Sir John Hawles (1645–1716) was an English lawyer and politician.
The second son of Thomas Hawles of Moanton in Wiltshire, by Elizabeth Antrobus of Hampshire, was born in the Close at Salisbury. His father, whose name is sometimes spelled Hollis, belonged to the family of Hawles of Upwimborne, Dorset. During the First English Civil War he was leader of the band known as the club men in Salisbury, who took the side of the parliament.
John Hawles was educated at Winchester School, and in 1662 entered Queen's College, Oxford, but left the university without taking a degree. He entered Lincoln's Inn, was called to the bar, and rose in his profession.
On 25 March 1689 he was returned to the House of Commons as M.P. for Old Sarum. But in 1691 he was not able to secure the recordership of London in competition with Sir Bartholomew Showers. On 1 July 1695 Hawles was appointed solicitor-general in succession to Sir Thomas Trevor. In October of the same year he was returned for the borough of Wilton in Wiltshire, and in 1695 was knighted.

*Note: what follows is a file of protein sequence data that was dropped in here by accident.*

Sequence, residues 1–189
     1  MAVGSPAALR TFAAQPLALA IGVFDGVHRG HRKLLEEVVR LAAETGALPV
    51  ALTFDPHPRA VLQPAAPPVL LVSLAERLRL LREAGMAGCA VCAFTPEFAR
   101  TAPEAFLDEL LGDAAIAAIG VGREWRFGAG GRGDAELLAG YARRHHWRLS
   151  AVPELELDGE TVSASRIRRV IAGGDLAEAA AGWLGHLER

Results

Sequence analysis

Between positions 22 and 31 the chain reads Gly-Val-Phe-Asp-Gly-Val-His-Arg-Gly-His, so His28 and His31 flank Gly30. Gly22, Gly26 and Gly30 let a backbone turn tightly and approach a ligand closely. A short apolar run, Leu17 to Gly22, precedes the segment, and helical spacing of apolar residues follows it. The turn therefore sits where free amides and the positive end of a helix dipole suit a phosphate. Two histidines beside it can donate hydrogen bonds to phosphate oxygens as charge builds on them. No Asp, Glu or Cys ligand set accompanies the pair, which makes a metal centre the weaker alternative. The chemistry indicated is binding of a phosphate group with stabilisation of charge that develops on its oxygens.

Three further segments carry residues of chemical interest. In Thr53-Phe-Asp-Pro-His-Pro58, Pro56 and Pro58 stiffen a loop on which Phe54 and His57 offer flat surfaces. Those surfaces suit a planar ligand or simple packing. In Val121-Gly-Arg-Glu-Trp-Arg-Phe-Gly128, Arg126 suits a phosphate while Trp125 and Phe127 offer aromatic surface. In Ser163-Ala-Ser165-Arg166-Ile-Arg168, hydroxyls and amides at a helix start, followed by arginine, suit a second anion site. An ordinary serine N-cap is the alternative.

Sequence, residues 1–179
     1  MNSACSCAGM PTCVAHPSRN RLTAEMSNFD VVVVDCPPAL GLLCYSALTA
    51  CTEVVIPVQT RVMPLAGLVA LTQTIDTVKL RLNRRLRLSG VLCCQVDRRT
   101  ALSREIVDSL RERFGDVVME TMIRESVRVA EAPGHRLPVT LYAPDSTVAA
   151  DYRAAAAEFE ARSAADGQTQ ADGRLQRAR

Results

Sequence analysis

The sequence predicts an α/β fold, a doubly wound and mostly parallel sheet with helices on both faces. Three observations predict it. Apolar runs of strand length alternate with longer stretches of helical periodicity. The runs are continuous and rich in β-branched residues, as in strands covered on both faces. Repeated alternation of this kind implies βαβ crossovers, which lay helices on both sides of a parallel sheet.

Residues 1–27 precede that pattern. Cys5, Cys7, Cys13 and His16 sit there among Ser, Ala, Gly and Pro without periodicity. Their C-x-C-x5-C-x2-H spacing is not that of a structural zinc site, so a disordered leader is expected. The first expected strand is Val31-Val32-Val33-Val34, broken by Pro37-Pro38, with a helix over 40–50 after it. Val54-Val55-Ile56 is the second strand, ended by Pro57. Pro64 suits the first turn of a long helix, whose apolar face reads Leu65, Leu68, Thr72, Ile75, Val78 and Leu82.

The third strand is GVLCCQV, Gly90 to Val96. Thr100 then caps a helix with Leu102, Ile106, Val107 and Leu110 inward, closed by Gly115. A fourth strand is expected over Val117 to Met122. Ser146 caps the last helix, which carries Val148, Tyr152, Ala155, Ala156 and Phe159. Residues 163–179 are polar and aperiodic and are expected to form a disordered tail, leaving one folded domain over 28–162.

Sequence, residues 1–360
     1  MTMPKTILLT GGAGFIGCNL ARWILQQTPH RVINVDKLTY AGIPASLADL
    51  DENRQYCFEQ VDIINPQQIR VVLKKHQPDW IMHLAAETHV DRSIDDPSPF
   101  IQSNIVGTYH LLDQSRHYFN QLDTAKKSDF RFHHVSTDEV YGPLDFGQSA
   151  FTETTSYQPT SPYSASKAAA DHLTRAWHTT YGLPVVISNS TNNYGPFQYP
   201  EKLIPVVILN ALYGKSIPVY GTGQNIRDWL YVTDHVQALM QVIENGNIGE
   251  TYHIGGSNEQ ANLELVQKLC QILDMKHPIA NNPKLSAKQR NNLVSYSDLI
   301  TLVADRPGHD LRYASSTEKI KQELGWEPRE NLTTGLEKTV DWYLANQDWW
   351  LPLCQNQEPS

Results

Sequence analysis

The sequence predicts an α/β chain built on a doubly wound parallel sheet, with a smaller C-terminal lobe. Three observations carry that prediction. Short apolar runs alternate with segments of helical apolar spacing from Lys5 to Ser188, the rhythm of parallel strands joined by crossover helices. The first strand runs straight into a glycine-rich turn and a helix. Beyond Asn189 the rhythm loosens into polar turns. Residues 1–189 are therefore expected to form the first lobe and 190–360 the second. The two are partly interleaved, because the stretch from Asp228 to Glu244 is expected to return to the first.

When a fresh parliament was summoned in 1698, Hawles sat for St. Michael in Cornwall, and was also returned for Beeralston in Devon. In the parliament of 1700–1 he represented Truro, and for the short session of 1702 was member for St. Ives in Cornwall. In 1702 he ceased to be solicitor-general, but continued to sit in parliament for Wilton until 1705, and from that year until 1710 for Stockbridge in Hampshire.
As a prominent Whig lawyer he was appointed one of the managers of the impeachment of Henry Sacheverell in 1710. He resided for some years on the family estate at Upwimborne, and died on 2 August 1716.
- This article incorporates text from a publication now in the public domain: "Hawles, John". Dictionary of National Biography. London: Smith, Elder & Co. 1885–1900.